No such thing. Both the church and the grave have vanished. Therefore, a doubt arises why the fifth centenary of Pe. trarch's death should have been commemorated here. He was not born here, but Tin Arezzo, in Tuscany; he did not die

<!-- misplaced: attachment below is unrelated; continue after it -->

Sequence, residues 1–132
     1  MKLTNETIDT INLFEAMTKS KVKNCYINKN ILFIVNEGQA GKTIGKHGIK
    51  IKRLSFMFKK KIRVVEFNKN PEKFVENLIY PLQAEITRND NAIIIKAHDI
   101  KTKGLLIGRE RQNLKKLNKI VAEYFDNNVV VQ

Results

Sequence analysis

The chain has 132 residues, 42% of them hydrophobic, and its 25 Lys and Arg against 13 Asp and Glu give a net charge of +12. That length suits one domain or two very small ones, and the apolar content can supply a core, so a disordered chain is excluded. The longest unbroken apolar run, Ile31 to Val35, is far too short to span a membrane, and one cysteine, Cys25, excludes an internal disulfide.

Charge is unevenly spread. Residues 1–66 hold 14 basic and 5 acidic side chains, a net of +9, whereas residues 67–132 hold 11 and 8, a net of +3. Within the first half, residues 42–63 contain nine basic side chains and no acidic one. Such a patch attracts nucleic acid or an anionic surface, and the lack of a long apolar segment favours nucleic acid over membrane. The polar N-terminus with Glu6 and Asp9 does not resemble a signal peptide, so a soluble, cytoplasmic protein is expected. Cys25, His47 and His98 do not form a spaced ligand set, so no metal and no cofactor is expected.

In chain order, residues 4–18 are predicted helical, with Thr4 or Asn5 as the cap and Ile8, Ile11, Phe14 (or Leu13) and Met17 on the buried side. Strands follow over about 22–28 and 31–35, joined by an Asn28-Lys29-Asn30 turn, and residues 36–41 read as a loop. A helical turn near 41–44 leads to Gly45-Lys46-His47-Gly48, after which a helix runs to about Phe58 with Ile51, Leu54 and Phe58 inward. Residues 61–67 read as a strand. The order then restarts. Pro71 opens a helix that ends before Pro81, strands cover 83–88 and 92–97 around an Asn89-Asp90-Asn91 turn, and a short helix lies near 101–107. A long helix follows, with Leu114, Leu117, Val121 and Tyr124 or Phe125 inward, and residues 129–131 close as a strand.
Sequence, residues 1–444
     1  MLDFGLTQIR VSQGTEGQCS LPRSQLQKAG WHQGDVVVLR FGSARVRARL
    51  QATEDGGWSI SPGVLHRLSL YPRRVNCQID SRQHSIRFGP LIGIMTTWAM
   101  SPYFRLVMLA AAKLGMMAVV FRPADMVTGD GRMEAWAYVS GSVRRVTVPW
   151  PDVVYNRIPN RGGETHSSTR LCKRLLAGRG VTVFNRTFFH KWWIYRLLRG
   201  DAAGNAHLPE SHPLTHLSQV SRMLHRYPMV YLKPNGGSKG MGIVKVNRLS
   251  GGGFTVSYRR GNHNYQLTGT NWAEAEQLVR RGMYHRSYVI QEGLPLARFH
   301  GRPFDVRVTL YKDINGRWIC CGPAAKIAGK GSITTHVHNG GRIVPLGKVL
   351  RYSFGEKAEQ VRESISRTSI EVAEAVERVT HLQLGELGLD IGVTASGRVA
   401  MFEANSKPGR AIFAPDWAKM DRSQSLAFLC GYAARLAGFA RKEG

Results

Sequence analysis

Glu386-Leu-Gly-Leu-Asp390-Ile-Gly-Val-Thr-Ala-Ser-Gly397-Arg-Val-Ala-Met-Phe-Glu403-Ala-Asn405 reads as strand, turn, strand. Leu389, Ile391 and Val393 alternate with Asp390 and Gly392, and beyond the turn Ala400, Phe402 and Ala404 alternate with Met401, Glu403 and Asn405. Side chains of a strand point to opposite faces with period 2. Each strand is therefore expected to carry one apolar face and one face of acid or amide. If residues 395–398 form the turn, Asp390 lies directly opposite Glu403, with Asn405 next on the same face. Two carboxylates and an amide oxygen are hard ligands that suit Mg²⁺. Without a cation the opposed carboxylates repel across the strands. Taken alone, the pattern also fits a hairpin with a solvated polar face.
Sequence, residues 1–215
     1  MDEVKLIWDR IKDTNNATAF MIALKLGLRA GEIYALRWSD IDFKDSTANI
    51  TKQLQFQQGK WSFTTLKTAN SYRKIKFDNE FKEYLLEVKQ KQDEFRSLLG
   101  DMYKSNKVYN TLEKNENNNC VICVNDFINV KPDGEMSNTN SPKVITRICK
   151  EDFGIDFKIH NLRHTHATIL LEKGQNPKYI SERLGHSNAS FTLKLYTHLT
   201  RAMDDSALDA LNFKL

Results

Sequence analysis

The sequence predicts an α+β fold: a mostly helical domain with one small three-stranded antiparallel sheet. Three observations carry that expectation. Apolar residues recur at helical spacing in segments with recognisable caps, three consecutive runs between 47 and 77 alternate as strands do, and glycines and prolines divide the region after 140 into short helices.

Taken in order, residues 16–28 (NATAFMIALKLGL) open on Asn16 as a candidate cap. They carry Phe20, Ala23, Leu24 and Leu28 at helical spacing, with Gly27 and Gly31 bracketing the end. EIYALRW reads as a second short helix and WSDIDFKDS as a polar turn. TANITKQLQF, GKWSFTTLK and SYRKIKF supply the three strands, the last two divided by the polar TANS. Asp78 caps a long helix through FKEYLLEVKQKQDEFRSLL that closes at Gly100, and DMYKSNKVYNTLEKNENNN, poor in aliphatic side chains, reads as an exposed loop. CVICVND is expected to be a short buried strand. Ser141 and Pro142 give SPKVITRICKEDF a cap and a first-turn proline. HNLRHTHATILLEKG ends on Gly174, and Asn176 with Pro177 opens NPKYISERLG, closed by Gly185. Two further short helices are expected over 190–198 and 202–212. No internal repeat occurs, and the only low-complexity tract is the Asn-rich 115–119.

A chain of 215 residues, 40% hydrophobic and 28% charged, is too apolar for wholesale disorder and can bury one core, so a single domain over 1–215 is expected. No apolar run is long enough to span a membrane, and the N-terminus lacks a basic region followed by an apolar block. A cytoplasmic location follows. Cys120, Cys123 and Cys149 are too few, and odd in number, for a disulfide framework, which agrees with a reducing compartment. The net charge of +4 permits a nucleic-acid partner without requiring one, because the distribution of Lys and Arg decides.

here, but at Arqua, among the Enganean it was so historically mediæval, so perhills ; nor did he generally live here. fectly studied, so true to truth, if I may Nevertheless, Avignon claims him as its thus express myself. The trumpeters, own while conceding to Vaucluse a large the archers, the heralds, might have been proportion of the honour. It is at Vau- approved by Sir Walter Scott himself. cluse that the column in honour of his The chariots, of course, were fanciful, as memory was erected just seventy-four | were the effigies of Don Quixote and his years ago, on the anniversary of his birth. Squire ; but the reproduction, from auThis monument is precisely equal in 'thorities, of the pomp that accompanied height to the famous cascade, - situated the crowning of Petrarch at Rome was a where the most tender of the sonnets are wonderful reflection from descriptions believed to have been composed ; con- five centuries old. This, of course, was fronted by a prodigious rock, round, pol- the most fascinating of the demonstraished, and white ; and around it cluster tions, although a little bizarre to modern the true memories of Petrarch. But eyes. First rode the ha!berdiers, in threatAvignon will not have it so, and insistediening panoply; then succeeded "the upon a magnificent ceremony in its own chariot of war," resplendent in blood-colname. So distinguished a celebration our and gold ; after this, in a strange conhas certainly not been held within the trast, the innocent fishermen, net-makers, present, and probably not during the past, gondoliers, and harvest-men, with whom century. Peculiarly foreign in its fea- were goldsmiths, tailors, merchants, painttures, it nevertheless possessed a charac-ers, and money-changers. Industry and ter and an interest essentially its own. Commerce succeeded, in a sort of golden The gathering of the Provençal min- state, but they attracted comparatively strels, to meet the French and Italian little attention, for the ancient genius of poets at the railway station on Saturday (France was coming into sight, whiteevening, was, for example, a unique spec-plumed and steel-helmeted, mounted tacle; while the wonderful apparition of trumpeters, mounted musketeers again, mounted heralds all over the town, look- mounted lansquenets, mounted Knights ing as though they had just started from of Malta, and challengers of all descripout the pages of Froissart, confused your tions. In the next place, a train of ideas of time. Then came the Roman ghosts, in their manner as they lived, effect of the poet's bust, laurelled and superbly horsed and mounted – Azzo da borne on high, and saluted by indescriba- Correggio, Lord of Parma; Malavacina, able — possibly, inexplicable — acclama- Lord of Messina; the Counts Annibaldi, tions ; and such a march took place as Savelli, Montenera, and Cafarelli, whose must have warmed, unless, indeed, it em- figures are so familiar in Italian history; bittered, the heart of living literature. the Colonna, the Carrara, and Jourdain Around this marble head, and around the des Ursins, as the French prograinme statue of Crillon at the same time, burst calls him, the terrible Governor of Rome. forth a variegated radiance exceedingly / They made up a cavalcade of unrivalled beautiful, amid the thousand reflections picturesqueness, at the very strangeness of which arose a loud song in the poet's and even grotesqueness of which nobody honour written in Provençal. The pupils seemed inclined to so much as smile. It of the Avignonese Conservatoire sang it was all in honour of Petrarch, and Peremarkably well, and merited the applause trarch here is the presiding spirit of the they obtained. Then torches flamed, and day. Nothing could be more evident everybody was escorted home, with im- than when his particular chariot, on partial respect, in their lurid light. Sun- gilded wheels, and drawn by eight milkday opened with an open-air mass in the white palfreys, came along, himself ensquare over which the antique palace of throned, and around him standing Bocthe Popes still casts its irregular shadow, caccio, Pietro Alighieri, Jacopo Dandolo, partly as a monastery, partly as a bar Ugolino da Rosci, Cancelleri, and the rack; and at this ceremony it appeared painter Memmi. The Southern enthuas if everything and everybody, including siasm at this moment took fire, and every the prizes won and the heretics present, one went into ecstacies, as though Franwere ostentatiously blessed, besides be- cesco Petrarca, dead precisely tive huning overpowered by military music. Next dred years ago, had been his intimate came the grand event of the celebration personal friend. No doubt a great deal - the “ Grande Cavalcade de Charité," of excitement was due to the effectivein two pageants. It was really worth this ness of the pageant itself. Every detail, thousand miles' journey to witness ; for 'it was obvious, had been carefully and even learnedly studied ; down to the col- this volume of the year in which Hearne our, cut, variety of armour and arms proved his Jacobitism and his distaste for worn; so that we had, so far as was pos- Hanover and the Whigs. His Jacobitism sible, a faithful reproduction of a scene was of a rough and often vulgar sort; but in Petrarch's time. It mattered little he seems to have corresponded with men that, at Vaucluse, instead of being wholly who were adversaries, at least in politics. sentimental, we lunched with the learned | Their letters, too often prosy, contain, as societies beneath the shade of trees de- we have said, traits of life and manners clared to have been consecrated by the worth noting. In 1706, Elias Smith writes poet ; that we marched, on our return, to him, — “Tom Tuddal, Organist of S. along the newly-named Petrarch Street, | John's, talking in company abt ye Bur. to the sound of various melodies; or that ghess of Hartford presenting his adress & we afterwards supped, without stint or being refus'd by ye Q., “Ay,' sd he, “if melancholy, at the Hôtel de Ville, with | Dr. Burgess had presented ye Q. would cordial speeches from ihe Mayor, and M. have receivd it.' Ye Chancellor D. SomMezieres, of the French Academy; or erset heard of it, & has wrott a pressing that we witnessed with pleasure the letter to have him expell’d. This you bright red and golden illumination which may tell abt to bid them have a care of made the half-dilapidated Papal palatial punning in Oxford.” A letter from John ruins vivid in the evening. The spirit of Hudson leads us to folk-lore. He writes Petrarch self-evolved or communicated, from Theddlethorpe, and, alluding to the was, notwithstanding, for a few hours, at Drumming Well, says, “ I was told by my any rate, supreme, and gave dignity and obliging Landlord, who was ye best & a poetry to the city of Avignon, which most knowing man in ye town, yt he heard none present could fail to appreciate. it beat on ye very day we had ye great My next will be an exclusively Vauclu- overthrow in Spain." All the town said sian letter.